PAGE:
In view of a growing interest in argumentative discourse in the context of patient-centered consultation and shared decision making, this article explores the role that argumentation has been attributed in the literature on doctor-patient consultation so far. It studies to what extent theories and concepts of argumentation have been applied by scholars from various fields in order to analyze, understand, facilitate, and improve the argumentative nature of medical consultation. It reports on an extensive and systematic literature search-using eight online databases, expert suggestions, and a manual search-and the subsequent evaluation of 1,330 abstracts on the basis of strict inclusion and exclusion criteria. Forty relevant scientific contributions are grouped into four main categories and discussed accordingly: (a) argumentation theory, (b) discourse analysis, © medical informatics, and (d) medical ethics. Because of its systematic approach, this study forms a solid starting point for further integration of argumentation theoretical insights into contemporary views of patient-centered medicine and evidence-based medicine. It provides suggestions for further interdisciplinary and theory-driven research with a strong focus on empirical reality. Doing so, a preliminary model is proposed that outlines the potential effects of the quality of doctors' communication on proximal, intermediate, and long-term consultation outcomes.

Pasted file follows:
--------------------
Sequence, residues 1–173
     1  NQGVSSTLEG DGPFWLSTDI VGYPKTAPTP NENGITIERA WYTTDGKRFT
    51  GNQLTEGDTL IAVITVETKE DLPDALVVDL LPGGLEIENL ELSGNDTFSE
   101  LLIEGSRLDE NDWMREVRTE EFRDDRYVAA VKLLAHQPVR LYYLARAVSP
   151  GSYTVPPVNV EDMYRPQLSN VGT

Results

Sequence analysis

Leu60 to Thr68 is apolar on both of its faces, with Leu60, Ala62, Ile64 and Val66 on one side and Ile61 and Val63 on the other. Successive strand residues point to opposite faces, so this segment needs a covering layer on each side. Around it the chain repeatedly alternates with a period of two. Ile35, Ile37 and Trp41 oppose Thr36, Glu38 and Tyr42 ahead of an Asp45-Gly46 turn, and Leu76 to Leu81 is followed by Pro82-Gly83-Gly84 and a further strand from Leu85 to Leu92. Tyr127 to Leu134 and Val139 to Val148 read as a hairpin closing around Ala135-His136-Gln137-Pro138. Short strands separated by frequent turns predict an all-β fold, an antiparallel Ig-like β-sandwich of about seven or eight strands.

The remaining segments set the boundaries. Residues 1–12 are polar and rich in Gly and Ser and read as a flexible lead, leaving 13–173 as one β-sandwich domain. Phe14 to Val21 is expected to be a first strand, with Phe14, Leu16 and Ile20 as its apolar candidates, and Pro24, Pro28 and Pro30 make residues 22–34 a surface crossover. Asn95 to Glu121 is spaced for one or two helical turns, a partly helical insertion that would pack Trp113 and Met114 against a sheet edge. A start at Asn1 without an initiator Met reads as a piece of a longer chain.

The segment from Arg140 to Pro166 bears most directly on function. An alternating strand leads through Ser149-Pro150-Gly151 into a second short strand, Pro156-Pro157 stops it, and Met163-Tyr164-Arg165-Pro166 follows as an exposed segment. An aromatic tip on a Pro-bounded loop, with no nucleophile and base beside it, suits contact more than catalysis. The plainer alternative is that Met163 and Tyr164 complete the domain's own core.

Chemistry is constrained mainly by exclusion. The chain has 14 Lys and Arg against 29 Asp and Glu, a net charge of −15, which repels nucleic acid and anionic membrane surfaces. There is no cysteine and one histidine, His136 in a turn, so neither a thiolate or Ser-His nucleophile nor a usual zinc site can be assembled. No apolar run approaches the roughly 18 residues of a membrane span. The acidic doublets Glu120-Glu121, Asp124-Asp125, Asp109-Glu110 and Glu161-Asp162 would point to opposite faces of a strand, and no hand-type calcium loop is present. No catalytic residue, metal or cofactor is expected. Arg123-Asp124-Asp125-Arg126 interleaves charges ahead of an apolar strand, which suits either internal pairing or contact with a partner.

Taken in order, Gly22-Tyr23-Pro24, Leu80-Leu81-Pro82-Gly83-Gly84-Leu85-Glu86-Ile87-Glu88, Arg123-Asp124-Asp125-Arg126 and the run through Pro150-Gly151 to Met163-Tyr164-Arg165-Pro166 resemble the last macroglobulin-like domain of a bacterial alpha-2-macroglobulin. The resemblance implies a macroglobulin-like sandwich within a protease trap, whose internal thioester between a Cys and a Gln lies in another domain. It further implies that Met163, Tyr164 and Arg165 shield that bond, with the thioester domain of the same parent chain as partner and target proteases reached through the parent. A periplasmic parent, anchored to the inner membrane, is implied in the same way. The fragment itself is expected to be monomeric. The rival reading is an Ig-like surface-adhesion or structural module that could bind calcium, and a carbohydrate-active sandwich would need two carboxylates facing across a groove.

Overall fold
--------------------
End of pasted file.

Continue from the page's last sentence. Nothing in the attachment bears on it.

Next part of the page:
Concepts: Scientific method, Systematic review, Debate, Science, Anthropology, Theory, Medical informatics, Argument map


Background. Encephalitis continues to result in substantial morbidity and mortality worldwide. Advances in diagnosis and management have been limited, in part, by a lack of consensus on case definitions, standardized diagnostic approaches, and priorities for research. Methods. In March of 2012, the International Encephalitis Consortium, a committee begun in 2010 with members worldwide, held a meeting in Atlanta to discuss recent advances in encephalitis and to set priorities for future study. Results. We present a consensus document that proposes a standardized case definition and diagnostic guidelines for evaluation of adults and children with suspected encephalitis. In addition, areas of research priority, including host genetics and selected emerging infections, are discussed. Conclusions. We anticipate that this document, representing a synthesis of our discussions and supported by literature, will serve as a practical aid to clinicians evaluating patients with suspected encephalitis and will identify key areas and approaches to advance our knowledge of encephalitis.

Concepts: Mortality rate, Diagnosis, Evaluation, Definition, Debate, Extensional definition, Priority level, Priority